I like Willie Nelson's version of patriotism--he can see the strengths in the country, but he certainly isn't blind to the flaws we have. I especially like the line "..bring us your foreign songs, we will sing along." We are so much better as a country when we can embrace the great things about people who come here into our own life together. Food is a kind of trivial illustration. Tacos and General Tsao's Chicken are pretty much American creations by immagrants. Great song (though not a great recording) to celebrate the Fourth of July.
Check out my buddy, Rocky's stuff: http://yorocko.com/
I think Rocky may be my other half, if once we were a single semi-evangelical presbyterian lazer, shot through a beam splitter. He zigged left of center; I zagged right of center. We are both about half a bubble off level. He bounced to Southern California; I bounced to South Carolina. We are both bouncing off the walls. He and a friend publish a monthly mix of new music. I quote Johnny Cash cover tunes. Neither of us is a musical genius. Check him out, pass him on.
HERE'S A GOOD PODCAST: THE INCOMPARABLE.
The Incomparable is a great podcast for all things Geeky. They actually have a bunch of different podcast that go further down the geek rabbit hole than I care for, but their main podcast--The Incomparable--is one I don't miss. Jason Snell gathers a thoughtful and expressive panel for a variety of different topics: books, movies, comics. I don't give a hoot about Manga, so I skip all those. Comics get tiresome to me, but these jokers make them interesting to listen about while I'm fixing the fence in the back yard. But I've been introduced to a pile of good books, and gotten a lot of pleasure in thinking about some great movies.
It is like listening into a thoughtful conversation by intelligent geeks, who I like. It gives me a chance to listen in to how people outside my little church echo-chamber think, as well. These folks are having passionate and considered conversation about things they care about, no holding back.
HERE'S AN INTERESTING BOOK: Stephen Nissenbam's The Battle for Christmas.
Yes, I'm being contrary with this title. And it is not true. But is was once kind of true. Our Puritans forefathers in New England were hostile to the holiday as part of their hostility to the Roman Catholic Church and disdain for excess. On Christmas day of 1686, Magistrate Samuel Sewell was glad to record that most shops were open and people were going about their business. It is strange to think of commerce as a sign of the dwindling of Christmas. The Christmas season was an excuse for drunken violence and low grade extortion. In 1679 four young men stopped by the home of the Rowdens, pushed their way in, sang a song, then demanded drinks. They came wassailing among the leaves so green. The Rowdens refused to serve the pushy and already drunk young men. The men harassed this old couple and vandalized their home. They broke into a shed and stole apples. Some Holiday spirit. Jump ahead a few centuries, and we find good, old Charlie Brown lamenting the commercialization of Christmas. Blessedly, Linus give us the straight scoop on the meaning of Christmas:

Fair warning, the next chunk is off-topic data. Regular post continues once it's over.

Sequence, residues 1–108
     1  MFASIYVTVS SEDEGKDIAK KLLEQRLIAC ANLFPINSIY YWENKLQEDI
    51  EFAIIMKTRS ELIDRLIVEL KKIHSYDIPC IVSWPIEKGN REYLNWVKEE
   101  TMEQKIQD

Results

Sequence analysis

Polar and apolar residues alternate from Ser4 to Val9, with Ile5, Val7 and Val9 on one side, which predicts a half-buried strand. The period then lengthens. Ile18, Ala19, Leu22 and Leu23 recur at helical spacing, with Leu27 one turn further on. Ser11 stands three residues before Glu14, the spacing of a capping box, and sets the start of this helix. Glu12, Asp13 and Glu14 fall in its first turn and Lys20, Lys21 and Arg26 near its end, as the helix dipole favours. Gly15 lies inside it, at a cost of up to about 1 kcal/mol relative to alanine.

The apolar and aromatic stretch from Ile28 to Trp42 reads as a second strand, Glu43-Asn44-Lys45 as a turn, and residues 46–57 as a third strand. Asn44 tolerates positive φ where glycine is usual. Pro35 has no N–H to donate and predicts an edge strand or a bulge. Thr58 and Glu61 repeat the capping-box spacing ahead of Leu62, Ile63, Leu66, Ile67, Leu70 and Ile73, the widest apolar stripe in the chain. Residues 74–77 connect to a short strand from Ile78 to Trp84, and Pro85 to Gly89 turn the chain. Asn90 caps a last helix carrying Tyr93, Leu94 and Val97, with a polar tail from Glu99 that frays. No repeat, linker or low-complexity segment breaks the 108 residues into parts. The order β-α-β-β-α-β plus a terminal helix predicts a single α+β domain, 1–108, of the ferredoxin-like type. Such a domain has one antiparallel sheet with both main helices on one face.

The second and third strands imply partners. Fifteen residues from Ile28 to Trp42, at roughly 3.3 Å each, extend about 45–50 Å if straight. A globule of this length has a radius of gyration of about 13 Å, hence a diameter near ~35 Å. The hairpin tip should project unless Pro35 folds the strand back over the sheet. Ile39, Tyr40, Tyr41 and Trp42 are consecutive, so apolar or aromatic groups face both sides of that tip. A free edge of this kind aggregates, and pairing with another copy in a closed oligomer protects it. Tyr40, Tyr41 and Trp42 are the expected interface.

Christmas raises all manner of contradictions. Many people find themselves blue or even depressed because it is the most wonderful time of the year. I decry and get caught up in the excessive buying of gifts. Perhaps these contradictions are inherent in Christmas. The baby at the center of the holiday is a living contradiction. He is both fully human and fully divine. He is one person, but he has two different natures (that is the very old, traditional and trustworthy wayto describe Jesus). Jesus is a living contradiction. Even that claim carries the contradiction of Jesus. He was crucified, dead and buried, but now is alive. Jesus is a little baby at Mary's bosom; through him all things in heaven and on earth were created. Jesus is the Word that existed before creation; Jesus is a squawking, toothless, speechless baby. We cannot make sense of the two things together, but there he is, a living contradiction.
You can join me in my contrary mood about Christmas with Stephen Nissenbam's The Battle for Christmas. I should admit, that while the book is interesting, I still haven't finished it. Let me know if I should. Or for more fun, jam out with the Peanuts gang:
Check out Del Ryder and the Crystal Seed by Matt Brough (a Canadian Colleague). My 12 years old twins and fourteen year old all liked it. So did I. Its a great story, and has key themes you can talk about with kids--friendship, trust, loyalty. Or just read it because its a great book.
Gillian Welch masters the beguiling simplicity of a gospel hymn. Nothing in the song sticks out as robust or complex. None of the words have more than two syllables. The words touch on the most powerful themes of Christian faith: the crucifixion of Jesus, the cross as the key to the identity of the Savior, the foolishness of earthly wealth, redemption as an event in history. The singing is easy to listen to, but Welch and Rawlings have carefully worked out their harmonies and timing to give remarkable depth of sound to their singing. They start by singing the words of the first verse together, then begin carefully varied repetition in the chorus. The variety keeps us interested without drawing attention to itself. They manage to pull a huge amount of sound out of two guitars, without ever beginning to sound ornate or fussy. Right after the two minute point Mark Rawlings lays into a solo that is quick and full of notes, but his technique allows him to pull each note out of the guitar as a single unique sound. The sound never blurs or smears. They have put a huge amount of information of various kinds into 3 minutes of old-fashioned simple music.
P.S. The name of the band is NOT simply. Dave Rawlings and Gillian Welch make up a duo called Gilliam Welch. It's confusing, but who cares. The music is great.